Fictional superheroes seem to be as popular among adults as they are with youth. At least that’s what I’ve observed regarding popular culture. The proliferation of superhero themed movies, games, and stories seem to bear this out. Personally, I’m not into this culture but I don’t mind what other people enjoy. I’m sure they derive something besides entertainment value from superhero culture.
This came to mind when I saw another advertisement for a videogame yesterday on YouTube. I wonder if the creators of the games understand that they influence the lives of their audience-consumers. After all, anyone who has a place in mass culture or in the public life will be an example to many people. They will observe your behavior and words and emulate what they perceive as success. If they like what they see, they are willing to do what it takes to get it. Does this mean they will also absorb your morality and virtue as well?
I’m not sure whether or not video games and famous athletes directly contribute to social misbehavior and violence. That debate is still ongoing even though it’s been placed on the back burner for the time being. I do wonder to what extent kids and young adults use superheros and famous athletes as templates for their own attitudes. At least in the case of athletes and celebrities, they are role models for youth regardless of the athletes’ intentions. The athletes, celebrities, and content creators say they did not set out to become role models, but the fact that their actions and work is available for public sonsumption makes them role models by default. In many instances, parents are absent, so kids only have their peers, entertainment media, and school teachers as role models.
In my opinion, people who position themselves in the public light need to remember that they provide an example to their audience and followers. This can be done without becoming sanctimonious moralists pushing certain agendas. Like it or not, people fall in line behind official leaders and famous public figures. Such people influence opinions directly and virtues indirectly. These are indisputable aspects of social behavior–intentional or not.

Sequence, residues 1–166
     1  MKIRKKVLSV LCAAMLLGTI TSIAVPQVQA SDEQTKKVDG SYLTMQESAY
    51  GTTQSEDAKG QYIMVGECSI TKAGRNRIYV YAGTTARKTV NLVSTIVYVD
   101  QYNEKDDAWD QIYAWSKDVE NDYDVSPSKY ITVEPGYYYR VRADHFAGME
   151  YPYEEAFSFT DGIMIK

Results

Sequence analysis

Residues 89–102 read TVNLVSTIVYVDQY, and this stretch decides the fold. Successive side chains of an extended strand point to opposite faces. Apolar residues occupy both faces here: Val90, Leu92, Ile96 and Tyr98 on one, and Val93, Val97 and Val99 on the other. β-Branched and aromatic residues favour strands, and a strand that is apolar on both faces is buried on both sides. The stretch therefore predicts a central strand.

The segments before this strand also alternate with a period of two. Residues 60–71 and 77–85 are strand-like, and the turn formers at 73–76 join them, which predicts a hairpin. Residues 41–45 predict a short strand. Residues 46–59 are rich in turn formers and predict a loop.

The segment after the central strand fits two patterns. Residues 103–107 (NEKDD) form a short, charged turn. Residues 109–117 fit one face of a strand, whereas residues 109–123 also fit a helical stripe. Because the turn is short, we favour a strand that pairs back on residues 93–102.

For example, a person achieves the position of high governmental officer. Hopefully she or he will take themself seriously and will employ wise, experienced advisors. They will oversee the administration of government in mindful ways with the interest of the nation as a whole being first and foremost. The citizens will observe the official’s actions and speech and more or less follow the official’s directives. On the other hand, if the high governmental officer does not consult wise advisors and decides to rule with mainly personal gain and misbehavior and derilection of duty as considerations, a certain share of the nation’s citizens will likely follow that official’s poor example.
Whether one is a self-appointed or an officially appointed role model, she or he must keep in mind that regardless of how much positive, good behavior and speech they do, there could be one thing that they will be tormented about. That one negative action, large or small, will stand out among all else about the role model. A good leader or public figure remembers that she or he is a role model so from the very beginning, they must be careful about both their public and personal lives. When word of wrongdoing in either case fickle public opinion will be negatively swayed. If one intends to be a positive influence on society, she or he must be incorruptible.
The same guidelines hold true for parents, teachers, and mentors. People who have close, personal relationships with children and adolescents are obvious role models. They provide the most visible templates for forming personal character and behavior. This is quite obvious but often taken for granted. Close, personal role models stay closely connected to the concerns and welfare of the children under their charge. What the role model does is more influential than what the role model says, especially if role model’s behavior does not match what they say. This is easily and often overlooked.
These are some points I’ve observed over the years. Like other people, I’ve monitored politicians, celebrities, and public figures. Many of my friends and family members have become parents or teachers. Meantime, I’ve been privileged to mentor two young people in the past for which I’m grateful to the parents for entrusting me to help their kids. I hope that I have not compromised my integrity. It’s been important to take care and be mindful of being a good example as a mentor. This is also what I aimed for when I was a broadcaster. I hopefully continue to improve this mindfulness as I post articles on this blog.
The Blue Jay of Happiness quotes Canadian Hall of Fame hockey player, Bobby Orr. “Once you turn pro and you’re making the big money and kids are buying your sneakers and your skates and your gloves and so on, you are a member of that role model club.”